School starts this week for Alpine, Provo and Nebo districts 03

A student walks away from Mountain View High School in Orem after the first day of school for the Alpine School District on Tuesday, Aug. 18, 2020. Isaac Hale, Daily Herald

The Alpine School District and Mountain View High School are facing a federal investigation over alleged discrimination against students on the school’s football team due to their race, color and/or nationality.

The complaints were filed to the U.S. Department of Education, Office for Civil Rights on Nov. 12, 2020, and an investigation will follow.

A report from ABC 4 revealed the filing of the complaints that involve treating white students differently than athletes of color, failing to address a racially hostile environment, and retaliating against the complainants.

For the allegations of treating white students differently than athletes of color, the complaints include not providing athletes of color with comparable coaching, not allowing athletes of color the chance to compete for starting or playing roles, not giving equal playing time, teaching plays to white players first, not learning the names of athletes of color, not allowing athletes of color to play multiple positions, and more.

In failing to address the racially hostile environment, the claims include not addressing incidents of racial harassment, protecting white families and coaches, allowing coaches of color to be harassed and assaulted, and completing a biased and incomplete investigation among others.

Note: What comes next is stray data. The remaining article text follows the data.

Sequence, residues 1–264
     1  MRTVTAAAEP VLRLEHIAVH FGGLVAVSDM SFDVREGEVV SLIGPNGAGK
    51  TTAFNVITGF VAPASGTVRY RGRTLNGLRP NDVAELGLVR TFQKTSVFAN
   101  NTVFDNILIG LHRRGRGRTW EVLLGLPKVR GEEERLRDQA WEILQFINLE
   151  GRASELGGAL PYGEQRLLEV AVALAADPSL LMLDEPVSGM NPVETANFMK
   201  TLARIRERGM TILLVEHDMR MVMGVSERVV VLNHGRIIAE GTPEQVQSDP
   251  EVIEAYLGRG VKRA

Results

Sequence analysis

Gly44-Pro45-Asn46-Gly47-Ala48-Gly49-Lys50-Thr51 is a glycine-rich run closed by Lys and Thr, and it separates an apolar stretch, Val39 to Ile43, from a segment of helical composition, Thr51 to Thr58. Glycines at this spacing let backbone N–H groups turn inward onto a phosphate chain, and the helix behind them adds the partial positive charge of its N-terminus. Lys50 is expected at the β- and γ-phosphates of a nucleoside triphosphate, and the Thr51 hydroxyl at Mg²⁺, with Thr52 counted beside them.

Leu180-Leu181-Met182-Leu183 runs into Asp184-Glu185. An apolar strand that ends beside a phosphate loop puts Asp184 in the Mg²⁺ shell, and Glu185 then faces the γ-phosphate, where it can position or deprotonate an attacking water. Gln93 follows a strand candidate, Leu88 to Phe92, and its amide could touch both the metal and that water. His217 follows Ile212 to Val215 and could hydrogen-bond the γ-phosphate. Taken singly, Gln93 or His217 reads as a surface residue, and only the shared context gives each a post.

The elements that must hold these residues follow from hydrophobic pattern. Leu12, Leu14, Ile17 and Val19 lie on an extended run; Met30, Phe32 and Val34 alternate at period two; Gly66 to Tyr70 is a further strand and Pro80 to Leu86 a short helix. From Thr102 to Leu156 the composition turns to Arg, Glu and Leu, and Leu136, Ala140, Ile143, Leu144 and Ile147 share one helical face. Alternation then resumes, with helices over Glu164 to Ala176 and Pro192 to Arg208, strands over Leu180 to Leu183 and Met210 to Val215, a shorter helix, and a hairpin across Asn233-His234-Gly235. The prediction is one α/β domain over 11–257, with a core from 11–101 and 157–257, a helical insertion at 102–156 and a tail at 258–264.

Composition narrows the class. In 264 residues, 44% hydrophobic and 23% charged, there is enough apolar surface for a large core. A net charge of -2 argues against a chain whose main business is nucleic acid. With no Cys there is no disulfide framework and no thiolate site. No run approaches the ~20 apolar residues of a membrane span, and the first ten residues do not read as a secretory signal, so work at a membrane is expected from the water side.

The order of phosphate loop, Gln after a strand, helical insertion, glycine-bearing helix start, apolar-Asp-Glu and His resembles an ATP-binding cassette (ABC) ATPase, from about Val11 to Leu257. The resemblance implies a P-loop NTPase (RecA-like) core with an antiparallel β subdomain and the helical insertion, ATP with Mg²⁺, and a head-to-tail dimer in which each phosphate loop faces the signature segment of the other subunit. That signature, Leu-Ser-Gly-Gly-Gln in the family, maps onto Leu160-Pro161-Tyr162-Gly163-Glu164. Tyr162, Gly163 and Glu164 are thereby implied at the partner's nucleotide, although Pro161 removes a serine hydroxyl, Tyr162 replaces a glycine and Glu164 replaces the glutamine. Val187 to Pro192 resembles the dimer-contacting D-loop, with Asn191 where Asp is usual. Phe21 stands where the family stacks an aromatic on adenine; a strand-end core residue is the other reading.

The retaliation allegedly included interfering with the transfer requests of one athlete involved, withholding an award promised to one athlete, prohibiting a complainant from volunteering at games, and criticizing complainants with staff and community members.

“The OCR has opened an investigation in response to complaints made by certain parents relating to the Mountain View High School football team,” a statement from the Alpine School District read. “Alpine School District is cooperating with the investigation, which is in its early stages. Alpine School District denies that the complaints have merit. The District has no other comments to make on the investigation.”

The allegations listed were brought up with the Alpine School District and were filed with the Office for Civil Rights at least 60 days after. The OCR will now act as a neutral factfinder, according to the filing documents, that will collect and analyze relevant evidence.

Some of the allegations were dismissed in the filings as well. The first involved allegations that the school prohibited spectators from attending practices, performances, and events but the action coincided with high school activities being allowed to continue through the COVID-19 pandemic without fans.

Another listed retaliation by not allowing the complainants to speak with members of the Alpine School District Board of Education individually. This was done to keep the board impartial for the hearing, which was granted by the board at the complainant’s request.

The final dismissal involves the complaints being determined as unsubstantiated being seen as an act of retaliation. The district was required to issue a determination on the complaints but the allegations of a bias and flawed investigation will still be investigated by the OCR.

The investigation will follow and if a violation is found an attempted remedy will be negotiated and if one cannot be found, then federal funds may be taken from the Alpine School District.